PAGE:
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People say ‘employees are the backbone of the organisation’; this statement has ...
People say ‘employees are the backbone of the organisation’; this statement has never been truer, but just saying this isn’t enough, it needs to be made apparent.
Over the last two years, following the Pandemic, the pressures and demands have been felt across every sector, with companies having to change and adapt rapidly, often putting mental health to the back of the agenda. Employees may have gained the flexibility of working from home, but this does not stop the ongoing pressures of meetings, Zoom link after Zoom link, deadlines and a vicious cycle of poor work-life balance, leaving employees burnt out.
As we come out of the Pandemic and fully return to the office, here in India, there has been an increased focus on mental wellbeing to aid employees through change and help manage their mental health after a tough few years. This blog aims to show HR Leaders how they can work alongside their employees to create a mentally healthy workplace. Looking after your mental health, has and will always be, of utmost importance but for the most part, the topic has been vastly unaddressed in this country. In recent years, most companies have worked closely with their HR department purely to gauge the competency of their employees looking at things such as performance, training, and development. We have now seen a shift in focus from an HR perspective, post Pandemic companies are more focused on retaining their talent by ensuring they offer a space that promotes positive mental health.
Here, we have compiled some tips on how HR can help to enhance the mental health of all employees and what employees can do to aid their own wellbeing. Communication Employee wellbeing tends to fall under HR’s domain; from time to time it would be beneficial for HR leaders to discuss mental health issues with their employees and spread awareness through various outlets, including 1 on 1 meetings, group discussions, and having an open-door policy. Allowing for an interactive and open environment, which in turn reduces anxieties for employees and allows them to work with an open mind. Culture It is very important to make sure that employees feel a sense of belonging in the workplace. This can be done by celebrating wins, addressing issues, and showing compassion, care, and concern.
Enhancing that sense of community; strengthens the feeling of companionship, making employees feel appreciated and more motivated, which will help increase their productivity, aiding the success of the business. Mitigating Stress HR are considered the spokespeople of the employees and should therefore be responsible for reducing the impact of stress on them. According to a recent survey, employees are willing to quit rather than take on stress that will take a toll on their mental health. The topic of stress is something that needs to be discussed openly to be able to mitigate its root cause. Employee Assistance Programmes (EAP) An Employee Assistance Programme (EAP) is a great tool for companies to use, they intend to help employees deal with any problems they are having that may impact their work performance, health, or wellbeing.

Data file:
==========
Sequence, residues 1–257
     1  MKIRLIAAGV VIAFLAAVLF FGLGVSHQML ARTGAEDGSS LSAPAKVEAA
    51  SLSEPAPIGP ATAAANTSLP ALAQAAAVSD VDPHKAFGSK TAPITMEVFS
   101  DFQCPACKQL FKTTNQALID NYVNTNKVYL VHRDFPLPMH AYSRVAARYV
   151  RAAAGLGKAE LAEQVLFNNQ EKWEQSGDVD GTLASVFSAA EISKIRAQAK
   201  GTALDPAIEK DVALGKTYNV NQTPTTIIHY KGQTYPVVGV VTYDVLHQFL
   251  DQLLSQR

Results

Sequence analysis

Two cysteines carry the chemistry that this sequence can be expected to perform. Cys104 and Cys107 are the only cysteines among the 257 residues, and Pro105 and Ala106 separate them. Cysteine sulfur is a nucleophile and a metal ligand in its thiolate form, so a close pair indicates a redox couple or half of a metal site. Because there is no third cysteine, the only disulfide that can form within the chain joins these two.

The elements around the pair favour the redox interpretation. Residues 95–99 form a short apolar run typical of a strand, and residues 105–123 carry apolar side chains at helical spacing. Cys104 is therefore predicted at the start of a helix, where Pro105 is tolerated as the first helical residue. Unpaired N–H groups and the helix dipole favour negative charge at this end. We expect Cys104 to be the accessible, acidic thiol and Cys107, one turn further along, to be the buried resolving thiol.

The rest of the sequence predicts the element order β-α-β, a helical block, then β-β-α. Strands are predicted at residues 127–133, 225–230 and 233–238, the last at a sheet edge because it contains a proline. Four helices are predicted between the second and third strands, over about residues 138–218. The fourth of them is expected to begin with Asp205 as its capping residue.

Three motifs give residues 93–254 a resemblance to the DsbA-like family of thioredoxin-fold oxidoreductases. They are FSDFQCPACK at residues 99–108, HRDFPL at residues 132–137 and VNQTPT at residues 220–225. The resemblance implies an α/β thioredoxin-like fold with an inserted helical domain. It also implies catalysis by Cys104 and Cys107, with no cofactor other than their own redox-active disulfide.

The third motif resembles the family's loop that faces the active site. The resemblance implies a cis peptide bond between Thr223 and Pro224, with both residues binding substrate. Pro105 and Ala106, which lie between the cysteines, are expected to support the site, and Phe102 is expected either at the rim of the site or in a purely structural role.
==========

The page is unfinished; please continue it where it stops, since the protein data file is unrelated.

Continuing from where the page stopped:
Many companies specialise in helping run these programmes, they are a great way to show you are committed to making a mentally healthier workplace. General Good Practice A great way to remember the steps to take to enhance your wellbeing outside of the workplace is the ‘4 Ms of Mental Health’ Mindfulness- practicing 10-15 minutes of deep breathing, expressing gratitude, or enjoying nature. Movement- go for a walk; take a bike ride, stretch; it doesn’t matter what you are doing as long as you’re moving. Mastery- find a new hobby or skill; it’s a great way to keep your mind active and occupied outside of work. Meaningful engagement- be social, share a joke, laugh. Just acknowledging mental health issues isn’t enough. It’s imperative to ensure your leadership team is committed to supporting employees’ mental health, whilst keeping in mind that taking a ‘one size fits all’ approach to support does not work for everyone and should vary depending on the employees needs.
Organisations must consider what types of support would be most effective when it comes to prevention and intervention, maintaining a healthy environment, and improving the performance of the organisation. From my own experience, I believe resilience can take you a long way and is fundamental for good mental health and well-being. Everyday we face new challenges and can hit rock bottom. But it’s important to remember that we get back up again, we can’t let stress and anxiety get the better of us; it’s up to you how you bounce back, accommodate the challenges, and come up with better ways to transform the situation in a positive manner. Having a positive mindset not only helps us to survive, but also allow us to face any challenge in life and incentivise us to always move forward.
I would be interested to hear from any HR professionals who utilise the tips above or have recently implemented a mental health and wellbeing programme into their organisation.